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Source: Westbrook "controls his destiny" with potential trades, but "nothing's close"

Russell Westbrook is the true decision-maker in a trade scenario.

After losing Kevin Durant, reports indicated that the Thunder were looking to get Russell Westbrook to renegotiate and extend his contract, but there was "no chance" of that happening with OKC. Westbrook is an unrestricted free agent in 2017, and there is a real fear within Oklahoma City that he will walk.

It would be crippling for the Thunder to lose two Hall-of-Fame level talents over two consecutive summers and receive nothing in return. So with that threat in mind, OKC is now open to trading Westbrook, a league source told me late Sunday, but they're still trying to get him to commit long-term.

"OKC is still trying to get Russell Westbrook to sign a contract extension," the source explained, "which he won't do because extensions at this time aren't in a player's best interest anymore. He won't do it."

If Westbrook did plan on staying with them, he'd be better off waiting until the summer of 2017, since he'd sign for an additional two years and $73.5 million.

So it doesn't make any sense for Westbrook to extend now and lose out on so much security. The star could change everything by telling OKC he'll agree to an extension, but that's unlikely, meaning if the Thunder keep him they'll be forced to take a significant risk. So they're listening to offers. The first issue is finding a deal that even works.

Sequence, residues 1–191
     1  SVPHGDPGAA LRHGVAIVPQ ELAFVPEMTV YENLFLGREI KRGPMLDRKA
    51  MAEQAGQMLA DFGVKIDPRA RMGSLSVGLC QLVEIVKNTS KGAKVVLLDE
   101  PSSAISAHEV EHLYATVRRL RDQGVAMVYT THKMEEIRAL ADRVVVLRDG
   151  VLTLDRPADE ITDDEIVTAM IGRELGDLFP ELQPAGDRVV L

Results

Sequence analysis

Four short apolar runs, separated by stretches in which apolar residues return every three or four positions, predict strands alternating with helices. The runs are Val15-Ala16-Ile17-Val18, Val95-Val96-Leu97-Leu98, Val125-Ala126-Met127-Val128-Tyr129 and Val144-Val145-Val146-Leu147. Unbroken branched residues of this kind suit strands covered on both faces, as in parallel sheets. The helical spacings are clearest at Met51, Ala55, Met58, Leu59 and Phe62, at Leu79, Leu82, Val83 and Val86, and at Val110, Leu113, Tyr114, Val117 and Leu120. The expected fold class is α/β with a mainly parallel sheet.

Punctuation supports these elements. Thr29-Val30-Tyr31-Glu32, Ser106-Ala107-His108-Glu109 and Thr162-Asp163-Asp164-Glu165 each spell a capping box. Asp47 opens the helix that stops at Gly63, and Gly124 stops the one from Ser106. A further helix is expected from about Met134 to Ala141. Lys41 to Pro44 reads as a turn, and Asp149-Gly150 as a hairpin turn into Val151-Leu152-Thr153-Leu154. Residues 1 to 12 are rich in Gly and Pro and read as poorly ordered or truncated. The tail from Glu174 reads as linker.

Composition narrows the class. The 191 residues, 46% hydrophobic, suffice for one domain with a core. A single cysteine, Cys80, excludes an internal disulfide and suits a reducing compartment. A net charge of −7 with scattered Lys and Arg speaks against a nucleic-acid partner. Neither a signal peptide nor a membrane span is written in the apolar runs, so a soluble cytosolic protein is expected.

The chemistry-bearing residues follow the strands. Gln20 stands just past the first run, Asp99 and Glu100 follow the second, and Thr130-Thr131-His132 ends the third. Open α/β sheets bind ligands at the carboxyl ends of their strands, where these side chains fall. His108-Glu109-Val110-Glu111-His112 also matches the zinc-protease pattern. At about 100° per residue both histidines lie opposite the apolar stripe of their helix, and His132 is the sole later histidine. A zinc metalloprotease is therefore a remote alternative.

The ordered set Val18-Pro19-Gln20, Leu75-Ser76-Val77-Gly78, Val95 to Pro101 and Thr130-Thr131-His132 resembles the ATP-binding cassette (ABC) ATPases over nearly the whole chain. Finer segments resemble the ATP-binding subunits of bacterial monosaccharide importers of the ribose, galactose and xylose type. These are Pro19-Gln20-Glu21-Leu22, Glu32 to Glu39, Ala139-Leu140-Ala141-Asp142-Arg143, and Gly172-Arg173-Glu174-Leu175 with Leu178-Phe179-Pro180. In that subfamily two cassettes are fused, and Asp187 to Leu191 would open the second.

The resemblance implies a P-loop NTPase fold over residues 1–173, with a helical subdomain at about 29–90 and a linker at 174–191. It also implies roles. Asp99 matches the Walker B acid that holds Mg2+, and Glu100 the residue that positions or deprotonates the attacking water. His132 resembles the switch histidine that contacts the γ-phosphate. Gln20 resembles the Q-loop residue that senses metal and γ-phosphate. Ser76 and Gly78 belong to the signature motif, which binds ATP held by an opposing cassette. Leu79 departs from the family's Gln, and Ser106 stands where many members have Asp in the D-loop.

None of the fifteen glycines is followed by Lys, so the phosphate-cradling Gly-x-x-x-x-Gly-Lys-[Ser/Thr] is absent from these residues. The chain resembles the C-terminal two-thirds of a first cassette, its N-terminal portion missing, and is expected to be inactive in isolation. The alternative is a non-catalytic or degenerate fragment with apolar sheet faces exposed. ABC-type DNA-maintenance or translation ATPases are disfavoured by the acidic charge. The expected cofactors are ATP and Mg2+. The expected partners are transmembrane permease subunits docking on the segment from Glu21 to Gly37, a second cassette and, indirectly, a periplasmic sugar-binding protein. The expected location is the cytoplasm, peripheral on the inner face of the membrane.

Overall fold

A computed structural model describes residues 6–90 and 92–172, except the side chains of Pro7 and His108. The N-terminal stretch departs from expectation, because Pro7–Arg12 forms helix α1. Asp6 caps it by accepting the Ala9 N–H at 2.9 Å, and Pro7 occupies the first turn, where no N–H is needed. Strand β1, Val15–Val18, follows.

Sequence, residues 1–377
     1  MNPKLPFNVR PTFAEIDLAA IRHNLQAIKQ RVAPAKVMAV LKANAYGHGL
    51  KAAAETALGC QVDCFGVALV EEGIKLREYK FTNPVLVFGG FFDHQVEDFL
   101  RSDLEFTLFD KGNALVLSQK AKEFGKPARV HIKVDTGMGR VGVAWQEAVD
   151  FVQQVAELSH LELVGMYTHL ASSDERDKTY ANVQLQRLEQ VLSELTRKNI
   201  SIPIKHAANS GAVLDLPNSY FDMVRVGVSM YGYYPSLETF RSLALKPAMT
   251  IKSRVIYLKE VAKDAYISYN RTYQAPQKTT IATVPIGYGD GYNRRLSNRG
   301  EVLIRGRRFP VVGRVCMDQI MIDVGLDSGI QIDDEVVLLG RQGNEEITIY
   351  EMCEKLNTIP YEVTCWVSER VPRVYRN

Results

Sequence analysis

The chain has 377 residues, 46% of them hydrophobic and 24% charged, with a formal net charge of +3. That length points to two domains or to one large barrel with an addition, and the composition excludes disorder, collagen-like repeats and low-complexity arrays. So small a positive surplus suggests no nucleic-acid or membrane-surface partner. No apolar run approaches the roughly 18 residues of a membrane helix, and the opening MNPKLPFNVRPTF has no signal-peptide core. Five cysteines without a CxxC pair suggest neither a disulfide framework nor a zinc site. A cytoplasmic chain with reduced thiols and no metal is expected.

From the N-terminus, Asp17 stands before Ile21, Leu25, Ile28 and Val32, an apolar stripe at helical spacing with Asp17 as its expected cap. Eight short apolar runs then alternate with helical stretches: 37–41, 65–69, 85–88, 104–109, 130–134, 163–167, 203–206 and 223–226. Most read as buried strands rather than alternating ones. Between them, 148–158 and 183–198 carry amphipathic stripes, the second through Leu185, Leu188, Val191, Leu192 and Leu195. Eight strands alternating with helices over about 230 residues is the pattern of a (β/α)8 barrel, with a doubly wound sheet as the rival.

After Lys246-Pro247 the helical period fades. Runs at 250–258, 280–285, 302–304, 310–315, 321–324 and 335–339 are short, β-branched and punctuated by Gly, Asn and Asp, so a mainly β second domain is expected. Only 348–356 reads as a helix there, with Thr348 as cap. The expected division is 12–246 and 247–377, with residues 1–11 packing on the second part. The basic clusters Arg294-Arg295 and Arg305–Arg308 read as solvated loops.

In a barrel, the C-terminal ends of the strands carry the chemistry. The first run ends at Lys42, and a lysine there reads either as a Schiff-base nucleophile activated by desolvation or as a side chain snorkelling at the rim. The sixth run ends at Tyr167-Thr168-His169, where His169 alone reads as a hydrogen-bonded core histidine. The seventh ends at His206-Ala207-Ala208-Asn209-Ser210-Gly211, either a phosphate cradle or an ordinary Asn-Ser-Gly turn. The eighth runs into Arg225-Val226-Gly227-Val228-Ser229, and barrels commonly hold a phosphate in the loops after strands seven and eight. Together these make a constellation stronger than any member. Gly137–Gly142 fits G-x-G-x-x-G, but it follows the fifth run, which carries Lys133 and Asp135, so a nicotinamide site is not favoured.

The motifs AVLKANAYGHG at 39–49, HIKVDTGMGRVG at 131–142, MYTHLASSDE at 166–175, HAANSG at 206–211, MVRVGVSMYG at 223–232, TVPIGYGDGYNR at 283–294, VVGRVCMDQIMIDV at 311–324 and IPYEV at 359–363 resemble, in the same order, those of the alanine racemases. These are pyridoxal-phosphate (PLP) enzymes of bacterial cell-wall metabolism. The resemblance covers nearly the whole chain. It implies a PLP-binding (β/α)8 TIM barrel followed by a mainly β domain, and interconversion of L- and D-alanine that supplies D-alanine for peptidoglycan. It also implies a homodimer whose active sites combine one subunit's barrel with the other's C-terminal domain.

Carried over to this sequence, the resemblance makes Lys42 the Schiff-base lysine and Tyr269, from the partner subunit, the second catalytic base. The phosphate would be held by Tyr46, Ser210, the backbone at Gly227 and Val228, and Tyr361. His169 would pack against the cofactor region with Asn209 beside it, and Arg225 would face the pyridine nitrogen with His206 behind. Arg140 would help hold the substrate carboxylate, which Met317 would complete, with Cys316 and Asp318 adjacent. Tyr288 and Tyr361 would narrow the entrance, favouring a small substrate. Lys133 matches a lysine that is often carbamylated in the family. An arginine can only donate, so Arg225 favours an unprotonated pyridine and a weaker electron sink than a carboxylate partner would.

"No team is going to pay a hefty price without getting a commitment from Westbrook," the source said. "Someone may pay a cheaper price without a commitment, but OKC probably doesn't do a deal like that."

Without an agreement from Russ, it appears OKC's demand is still too high. The source did say it's likely the Thunder would grant a team permission to talk with Westbrook, but it's unclear if any teams already have. Still, it is evident that no team has received any indication that Westbrook would sign long-term.

What this all means is that ultimately Westbrook is the deciding factor.

"Russ is in control of the situation. Not any team," the source said. "He controls his destiny. But if a team is going to get him, they need a long-term commitment."

If the Thunder happen to find a team that has both the assets and the cap space necessary to complete a deal—and there are few of those that exist in the league—then the final hurdle will be to get Westbrook to agree to renegotiate and extend his contract.

Because of the complexity of the situation, the source said that "nothing's imminent" and a deal's "probably not going to happen."

But if it were to happen, then Westbrook would receive a new four-year, $118 million deal. He'd make an additional $8.8 million in 2016 and a total of $6 million more leading up to free agency in 2020. Compared to signing with a new team in 2017, he'd only lose out on one extra year, so the loss wouldn't be so significant. He'd be eligible for a new five-year maximum contract one year sooner as well, so one could make the argument that this route is appealing financially.

The Celtics certainly have the assets to complete a deal, and they can easily create enough cap space to renegotiate and extend Russ. OKC will be hard-pressed to find many teams that can do that, with so few having the necessary cap space and assets. So their choices are limited. Still, for anything to happen, Westbrook will need to commit.

The ball is in Russell Westbrook's court.

Once he makes a decision, only then can the dominoes fall.